"Now then," he said to himself, "let's begin at the beginning."
It was nearly eight o'clock when William Beverley, the famous sleuth-hound, arrived, tired and dusty, at 'the George,' to find Antony, cool and clean, standing bare-headed at the door, waiting for him.
"Is dinner ready?" were Bill's first words.
"Then I'll just have a wash. Lord, I'm tired."
"I never ought to have asked you," said Antony penitently.
"That's all right. I shan't be a moment." Half-way up the stairs he turned round and asked, "Am I in your room?"
"Yes. Do you know the way?"
"Yes. Start carving, will you? And order lots of beer." He disappeared round the top of the staircase. Antony went slowly in.
When the first edge of his appetite had worn off, and he was able to spare a little time between the mouthfuls, Bill gave an account of his adventures. The landlord of the "Plough and Horses" had been sticky, decidedly sticky—Bill had been unable at first to get anything out of him. But Bill had been tactful; lorblessyou, how tactful he had been.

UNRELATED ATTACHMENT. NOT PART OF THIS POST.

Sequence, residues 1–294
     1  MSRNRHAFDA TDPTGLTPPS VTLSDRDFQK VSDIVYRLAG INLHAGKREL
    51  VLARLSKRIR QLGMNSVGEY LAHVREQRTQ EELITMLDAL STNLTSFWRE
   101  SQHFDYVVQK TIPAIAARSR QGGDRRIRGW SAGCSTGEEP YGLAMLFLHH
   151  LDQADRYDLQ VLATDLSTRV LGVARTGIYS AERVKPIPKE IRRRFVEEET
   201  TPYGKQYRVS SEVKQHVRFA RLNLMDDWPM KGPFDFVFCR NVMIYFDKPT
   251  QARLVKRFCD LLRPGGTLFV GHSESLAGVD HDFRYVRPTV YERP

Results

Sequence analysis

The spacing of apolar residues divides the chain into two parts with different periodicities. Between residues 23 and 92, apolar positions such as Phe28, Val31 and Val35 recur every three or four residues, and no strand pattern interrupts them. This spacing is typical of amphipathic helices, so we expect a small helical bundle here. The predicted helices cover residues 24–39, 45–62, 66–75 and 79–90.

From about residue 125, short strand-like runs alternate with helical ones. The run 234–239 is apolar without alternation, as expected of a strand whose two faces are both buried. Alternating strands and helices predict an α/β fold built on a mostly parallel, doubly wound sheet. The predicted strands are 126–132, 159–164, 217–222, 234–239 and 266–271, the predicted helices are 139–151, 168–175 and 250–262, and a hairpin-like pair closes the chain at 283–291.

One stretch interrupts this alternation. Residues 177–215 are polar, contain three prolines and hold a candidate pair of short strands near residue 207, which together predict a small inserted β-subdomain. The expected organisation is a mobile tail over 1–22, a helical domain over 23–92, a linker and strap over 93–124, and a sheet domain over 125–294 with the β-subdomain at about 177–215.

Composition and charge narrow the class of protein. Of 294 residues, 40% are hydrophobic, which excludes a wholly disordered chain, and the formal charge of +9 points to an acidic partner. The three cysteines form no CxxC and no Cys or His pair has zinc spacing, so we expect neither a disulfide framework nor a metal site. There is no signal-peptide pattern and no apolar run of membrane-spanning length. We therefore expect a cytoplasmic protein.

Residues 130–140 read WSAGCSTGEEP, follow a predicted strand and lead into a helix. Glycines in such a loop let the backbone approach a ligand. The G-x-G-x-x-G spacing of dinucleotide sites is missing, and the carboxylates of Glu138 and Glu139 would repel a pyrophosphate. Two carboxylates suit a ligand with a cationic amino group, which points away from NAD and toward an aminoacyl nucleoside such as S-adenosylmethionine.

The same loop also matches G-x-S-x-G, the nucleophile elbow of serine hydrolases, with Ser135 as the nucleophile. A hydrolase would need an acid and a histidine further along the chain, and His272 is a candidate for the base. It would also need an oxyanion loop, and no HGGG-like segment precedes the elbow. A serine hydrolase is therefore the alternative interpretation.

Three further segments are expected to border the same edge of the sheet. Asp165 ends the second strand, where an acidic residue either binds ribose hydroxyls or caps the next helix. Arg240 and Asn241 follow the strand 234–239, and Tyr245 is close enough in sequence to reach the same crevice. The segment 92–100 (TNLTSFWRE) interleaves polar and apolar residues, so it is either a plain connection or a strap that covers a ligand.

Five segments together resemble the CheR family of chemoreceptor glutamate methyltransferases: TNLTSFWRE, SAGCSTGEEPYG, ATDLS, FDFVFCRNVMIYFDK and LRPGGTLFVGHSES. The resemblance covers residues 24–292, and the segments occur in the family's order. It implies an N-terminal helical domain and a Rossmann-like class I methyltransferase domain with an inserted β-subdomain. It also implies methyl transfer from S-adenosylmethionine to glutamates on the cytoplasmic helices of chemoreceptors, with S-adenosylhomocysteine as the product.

"He kept on about the inquest, and what a queer affair it had been, and so on, and how there'd been an inquest in his wife's family once, which he seemed rather proud about, and I kept saying, 'Pretty busy, I suppose, just now, what?' and then he'd say, 'Middlin',' and go on again about Susan—that was the one that had the inquest—he talked about it as if it were a disease—and then I'd try again, and say, 'Slack times, I expect, just now, eh?' and he'd say 'Middlin' again, and then it was time to offer him another drink, and I didn't seem to be getting much nearer. But I got him at last. I asked him if he knew John Borden—he was the man who said he'd seen Mark at the station. Well, he knew all about Borden, and after he'd told me all about Borden's wife's family, and how one of them had been burnt to death—after you with the beer; thanks—well, then I said carelessly that it must be very hard to remember anybody whom you had just seen once, so as to identify him afterwards, and he agreed that it would be 'middlin' hard,' and then—"